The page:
supercomputing - News, Features, and Slideshows


  • SKA team completes design for world’s most powerful supercomputer

    Australia’s CSIRO, the Pawsey Supercomputing Centre and the International Centre for Radio Astronomy Research (ICRAR) are part of an international consortium that has completed a five-year effort to design supercomputing infrastructure that will help process the masses of data generated by the Square Kilometre Array (SKA) project.

  • New HPC facility launched at NZ’s NIWA

    Research, science and innovation minister Dr Megan Woods has officially opened New Zealand’s High Performance Computing Facility at NIWA’s campus in Wellington, 17 months after the government announced plans to invest in the facility.

  • NZ takes seven places in supercomputer list

    New Zealand has made a weighty impact in an international measure of the world’s fastest computers — thanks largely to Wellington’s Weta Digital.
    A list of the world’s 500 fastest computers — the TOP500 — has been released overnight at a computing conference in Hamburg, Germany. In all, seven New Zealand computers made the grade.
    Weta Digital, whose computers were used to make James Cameron’s Avatar, came in ranked at 279, 280, 281, 282, 283 and 413.
    The only other New Zealand entry was the National Institute for Water and Atmospheric Research, whose computer ranked 434th.
    Weta’s fastest computer is a Hewlett Packard Cluster Platform 3000BL which runs on Linux. Its speed is measured at 31527.8 GFlops, which is an acronym meaning "floating point operations per second".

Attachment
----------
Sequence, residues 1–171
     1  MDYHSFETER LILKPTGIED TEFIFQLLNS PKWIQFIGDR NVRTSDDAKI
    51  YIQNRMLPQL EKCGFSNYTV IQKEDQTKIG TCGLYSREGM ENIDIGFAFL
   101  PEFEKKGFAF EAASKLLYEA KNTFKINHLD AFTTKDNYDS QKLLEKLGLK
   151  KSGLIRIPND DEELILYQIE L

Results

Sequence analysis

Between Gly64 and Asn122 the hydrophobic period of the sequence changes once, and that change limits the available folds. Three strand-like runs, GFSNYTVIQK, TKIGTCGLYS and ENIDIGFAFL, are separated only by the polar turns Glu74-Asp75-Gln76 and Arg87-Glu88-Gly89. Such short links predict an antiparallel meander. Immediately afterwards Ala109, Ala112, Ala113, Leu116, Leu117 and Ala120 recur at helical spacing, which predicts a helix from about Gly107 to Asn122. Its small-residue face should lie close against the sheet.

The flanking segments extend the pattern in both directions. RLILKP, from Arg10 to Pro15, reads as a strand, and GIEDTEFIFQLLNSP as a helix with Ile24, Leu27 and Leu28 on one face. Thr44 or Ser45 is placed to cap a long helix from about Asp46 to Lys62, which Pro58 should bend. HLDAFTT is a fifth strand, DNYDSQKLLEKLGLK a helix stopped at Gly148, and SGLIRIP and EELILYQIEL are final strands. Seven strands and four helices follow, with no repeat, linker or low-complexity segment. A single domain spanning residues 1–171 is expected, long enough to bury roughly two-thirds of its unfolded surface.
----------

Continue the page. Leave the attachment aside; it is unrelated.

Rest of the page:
The chart topper on the TOP500 is the Oak Ridge National Laboratory in the United States, where, among other things, virtual digital nuclear explosions are run in the computer. They do it on a Jaguar Cray XT5-HE computer, which runs on Linux, at speeds of the rather faster 1.759 petaFLOPS.
    One petaflop/s refers to one quadrillion calculations per second.
    The University of Mannheim, Germany, which compiles the list, says statistics on high-performance computers are of major interest to manufacturers, users, and potential users
    "These people wish to know not only the number of systems installed, but also the location of the various supercomputers within the high-performance computing community and the applications for which a computer system is being used" the university says.
    Weta Digital, formed in 1993 by a group of young New Zealand filmmakers including Sir Peter Jackson and Richard Taylor, used its computers in the The Lord of the Rings trilogy and King Kong.
    It says it has also generated digital effects for box office hits such as I, Robot, X-Men: The Last Stand, Eragon, Bridge to Terabithia, Fantastic Four: Rise of the Silver Surfer, The Water Horse, Jumper, The Day the Earth Stood Still, District 9 and The Lovely Bones.
    IBM and Hewlett-Packard continue to sell the bulk of systems at all performance levels of the TOP500.

  • China aims for petaflop computer in 2010

    China has stepped up investment in its homegrown Godson microprocessor and hopes to build its first petaflop-class supercomputer using the chip in 2010, one of the country's senior engineers said on Tuesday.

  • Cultures clash as ICT takes on supercomputers

    The rapid expansion of high-performance computing (HPC) installations within government agencies, universities and the private sector is bringing more of the systems under the control of ICT departments in an effort to improve how they’re managed and reduce costs.

  • NZ at animation forefront: IBM visitor

    Bruce D’Amora, senior technical staff member in the emerging systems software group at IBM’s TJ Watson Research Centre in New York, says New Zealand is well-placed to stay at the leading edge of the animation sector.